|Postcard: Port Huron circa 1902 - Photographer Unknown|
To the people who came and remained we can say - you found a wilderness and cleared a place for habitation. You have taken from the mountains wealth to pay for labor; you have found at hand the clay for brick, the pine trees for lumber, and out of these materials built your towns. No better illustration is afforded anywhere of the skill and ingenuity of man. There is nothing great in this world but man, there is nothing great in man but mind. He found materials in nature's great storehouse; but he was the master, they his slaves. He found the land wild and inhabited by savages - lo! the change! The great stores, the busy banks, the restaurants, the hotels, stand where a few years ago the tangled underbrush gave  shelter to wild beasts and creeping reptiles. The morning whistles, the school and church bells ringing from the hillside, have supplanted the wild yell of the Indian. The newspaper, the great modern missionary, is abroad in your midst, and reports to you the outside world. The telegraph and telephone are yours; a railroad system is yours; a well organized society is yours. These are your statistics! This is your civilization! Withal, your neighbors in the old countries may enjoy some advantages which you do not; many live in the midst of culture, in a region of accumulated wealth, yet would you change places with them? Would you go back to the quiet life, so poor in experience, as the old past you left in your old home? Nay, tarry here, amid these scenes, full of the romance of promise, the mysteries of illimitable possibility, where opportunity - a goddess shy in the older communities, and coy and hard to win - extends a friendly hand on hill-top and in vale, and fairly leads you to the summits of success. (History of St. Clair County: Port Huron Township and City - A T Andreas 1883)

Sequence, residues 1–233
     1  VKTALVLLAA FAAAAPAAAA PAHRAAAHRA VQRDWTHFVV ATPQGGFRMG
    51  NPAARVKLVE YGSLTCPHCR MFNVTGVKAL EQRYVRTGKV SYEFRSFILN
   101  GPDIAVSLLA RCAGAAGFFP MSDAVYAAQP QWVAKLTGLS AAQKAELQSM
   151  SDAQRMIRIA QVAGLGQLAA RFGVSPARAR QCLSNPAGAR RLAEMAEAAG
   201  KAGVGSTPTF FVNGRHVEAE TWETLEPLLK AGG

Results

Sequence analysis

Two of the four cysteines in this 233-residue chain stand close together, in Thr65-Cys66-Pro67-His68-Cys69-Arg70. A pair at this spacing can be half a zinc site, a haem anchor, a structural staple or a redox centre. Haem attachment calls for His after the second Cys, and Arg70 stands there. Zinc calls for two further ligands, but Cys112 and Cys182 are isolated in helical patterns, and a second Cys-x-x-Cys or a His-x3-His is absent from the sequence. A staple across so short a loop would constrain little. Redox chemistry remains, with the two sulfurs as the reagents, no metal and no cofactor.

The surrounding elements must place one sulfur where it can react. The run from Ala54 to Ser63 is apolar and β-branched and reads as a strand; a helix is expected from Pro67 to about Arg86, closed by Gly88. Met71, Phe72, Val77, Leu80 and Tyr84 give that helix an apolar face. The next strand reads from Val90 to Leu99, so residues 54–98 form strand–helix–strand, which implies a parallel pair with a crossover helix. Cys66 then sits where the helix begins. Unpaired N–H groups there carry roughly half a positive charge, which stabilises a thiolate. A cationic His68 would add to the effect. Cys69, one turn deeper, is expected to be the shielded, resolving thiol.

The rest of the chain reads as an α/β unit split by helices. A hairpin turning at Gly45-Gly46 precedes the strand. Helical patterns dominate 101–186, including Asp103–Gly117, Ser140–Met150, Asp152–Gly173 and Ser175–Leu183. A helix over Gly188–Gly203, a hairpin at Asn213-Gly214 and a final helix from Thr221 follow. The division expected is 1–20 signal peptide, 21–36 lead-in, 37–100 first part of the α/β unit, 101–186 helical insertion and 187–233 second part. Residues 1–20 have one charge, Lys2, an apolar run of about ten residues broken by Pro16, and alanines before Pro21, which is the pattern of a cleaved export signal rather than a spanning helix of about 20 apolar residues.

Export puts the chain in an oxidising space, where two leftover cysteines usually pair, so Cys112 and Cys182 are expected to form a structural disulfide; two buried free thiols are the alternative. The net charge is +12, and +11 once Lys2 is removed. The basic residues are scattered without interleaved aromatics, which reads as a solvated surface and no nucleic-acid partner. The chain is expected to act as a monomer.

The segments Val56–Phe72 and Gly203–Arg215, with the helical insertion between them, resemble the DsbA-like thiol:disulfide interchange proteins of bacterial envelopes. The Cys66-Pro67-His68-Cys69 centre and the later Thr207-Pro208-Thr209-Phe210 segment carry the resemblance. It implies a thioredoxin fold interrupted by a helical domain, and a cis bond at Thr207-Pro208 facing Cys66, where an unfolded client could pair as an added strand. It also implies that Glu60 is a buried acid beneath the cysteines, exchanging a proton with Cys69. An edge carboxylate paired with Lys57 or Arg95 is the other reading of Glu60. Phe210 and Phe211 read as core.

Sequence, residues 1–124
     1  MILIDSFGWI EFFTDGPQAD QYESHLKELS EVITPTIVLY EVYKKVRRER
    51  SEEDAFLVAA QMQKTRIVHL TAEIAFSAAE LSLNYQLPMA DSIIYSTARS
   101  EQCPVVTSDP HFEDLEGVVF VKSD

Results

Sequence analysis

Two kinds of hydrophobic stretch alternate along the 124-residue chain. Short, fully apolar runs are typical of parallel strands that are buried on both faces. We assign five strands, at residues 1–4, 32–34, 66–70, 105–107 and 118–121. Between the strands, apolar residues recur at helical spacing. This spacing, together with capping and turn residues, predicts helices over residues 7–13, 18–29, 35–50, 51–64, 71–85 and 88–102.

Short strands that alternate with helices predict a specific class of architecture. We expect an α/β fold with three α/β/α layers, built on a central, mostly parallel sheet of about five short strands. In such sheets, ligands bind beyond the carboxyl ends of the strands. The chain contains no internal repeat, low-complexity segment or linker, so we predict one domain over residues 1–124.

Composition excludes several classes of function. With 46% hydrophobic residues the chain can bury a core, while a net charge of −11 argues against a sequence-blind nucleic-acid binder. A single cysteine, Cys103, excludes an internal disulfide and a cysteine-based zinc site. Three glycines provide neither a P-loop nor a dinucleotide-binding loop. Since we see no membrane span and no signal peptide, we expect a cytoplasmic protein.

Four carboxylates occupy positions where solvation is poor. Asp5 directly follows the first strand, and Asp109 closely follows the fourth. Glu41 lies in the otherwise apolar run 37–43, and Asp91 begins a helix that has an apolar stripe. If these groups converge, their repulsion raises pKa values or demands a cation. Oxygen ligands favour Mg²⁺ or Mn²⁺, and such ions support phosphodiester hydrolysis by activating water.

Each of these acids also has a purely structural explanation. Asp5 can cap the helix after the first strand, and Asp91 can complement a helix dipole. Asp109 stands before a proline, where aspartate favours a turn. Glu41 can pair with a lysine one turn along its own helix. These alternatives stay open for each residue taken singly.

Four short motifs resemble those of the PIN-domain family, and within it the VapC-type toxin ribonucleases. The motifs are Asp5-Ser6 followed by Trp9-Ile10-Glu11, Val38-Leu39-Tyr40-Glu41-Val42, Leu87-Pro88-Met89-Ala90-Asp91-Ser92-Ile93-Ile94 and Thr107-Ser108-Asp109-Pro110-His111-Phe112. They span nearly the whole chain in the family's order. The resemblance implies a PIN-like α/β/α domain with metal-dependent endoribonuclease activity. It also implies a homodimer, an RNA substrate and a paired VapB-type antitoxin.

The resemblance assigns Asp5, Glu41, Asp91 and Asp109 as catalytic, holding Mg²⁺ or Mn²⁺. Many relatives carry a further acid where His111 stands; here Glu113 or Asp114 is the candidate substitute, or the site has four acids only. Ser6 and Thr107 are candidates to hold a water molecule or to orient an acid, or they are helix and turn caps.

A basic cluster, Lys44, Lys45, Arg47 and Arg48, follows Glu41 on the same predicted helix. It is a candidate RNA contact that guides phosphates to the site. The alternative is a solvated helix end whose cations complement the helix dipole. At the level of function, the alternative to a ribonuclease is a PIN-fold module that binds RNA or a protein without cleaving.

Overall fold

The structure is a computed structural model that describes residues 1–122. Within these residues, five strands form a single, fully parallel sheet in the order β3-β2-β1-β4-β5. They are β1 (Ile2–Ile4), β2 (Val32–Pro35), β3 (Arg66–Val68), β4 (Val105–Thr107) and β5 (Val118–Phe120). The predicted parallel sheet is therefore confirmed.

Port Huron, which is located in St. Clair County, Michigan was grew quickly after the 1850's due in part to the shipbuilding and lumber trade. In 1857 it was incorporated. By the time Michael and Bridget (Dunn) Murphy had moved there in was a thriving town. By 1870 the population had exceeded that of the surrounding villages and in 1871 the Supreme Court designated it as the county seat. That same year the city and surrounding areas burned. Ten years later the Thumb Fire again engulfed the city.
The Port Huron City Directory, Brown, 1871-2 and the Port Huron City Directory, Leath & Talbot, 1881 show Michael living on Chestnut, between 7th and 8th. The Port Huron & St. Clair County Directory, Sherman, 1893-4 lists Bridget as a widow living at 2211 Willow. The directory also lists Michael, a fireman, living at the same address. It seems likely that this is in fact her son, John, who was a fireman later in Chicago. It is also possible that Michael was not deceased, but rather absent and living in Chicago.
Neither of these areas were included in the detailed Sanborn Maps of 1898, however, you can see the streets in the main map above.